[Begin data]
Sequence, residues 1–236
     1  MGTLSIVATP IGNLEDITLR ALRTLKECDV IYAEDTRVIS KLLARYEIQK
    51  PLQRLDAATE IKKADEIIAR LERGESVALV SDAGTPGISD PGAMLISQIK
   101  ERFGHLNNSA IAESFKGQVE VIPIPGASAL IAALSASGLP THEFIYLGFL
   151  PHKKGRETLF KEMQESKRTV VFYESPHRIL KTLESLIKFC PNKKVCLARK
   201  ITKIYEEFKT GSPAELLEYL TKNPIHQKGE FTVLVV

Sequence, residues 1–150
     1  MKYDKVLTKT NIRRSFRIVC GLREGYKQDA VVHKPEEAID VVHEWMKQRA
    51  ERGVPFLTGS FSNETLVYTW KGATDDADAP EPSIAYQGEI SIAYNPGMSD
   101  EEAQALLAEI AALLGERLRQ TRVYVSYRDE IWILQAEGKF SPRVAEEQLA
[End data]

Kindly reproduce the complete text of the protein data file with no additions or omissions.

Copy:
Sequence, residues 1–236
     1  MGTLSIVATP IGNLEDITLR ALRTLKECDV IYAEDTRVIS KLLARYEIQK
    51  PLQRLDAATE IKKADEIIAR LERGESVALV SDAGTPGISD PGAMLISQIK
   101  ERFGHLNNSA IAESFKGQVE VIPIPGASAL IAALSASGLP THEFIYLGFL
   151  PHKKGRETLF KEMQESKRTV VFYESPHRIL KTLESLIKFC PNKKVCLARK
   201  ITKIYEEFKT GSPAELLEYL TKNPIHQKGE FTVLVV

Sequence, residues 1–150
     1  MKYDKVLTKT NIRRSFRIVC GLREGYKQDA VVHKPEEAID VVHEWMKQRA
    51  ERGVPFLTGS FSNETLVYTW KGATDDADAP EPSIAYQGEI SIAYNPGMSD
   101  EEAQALLAEI AALLGERLRQ TRVYVSYRDE IWILQAEGKF SPRVAEEQLA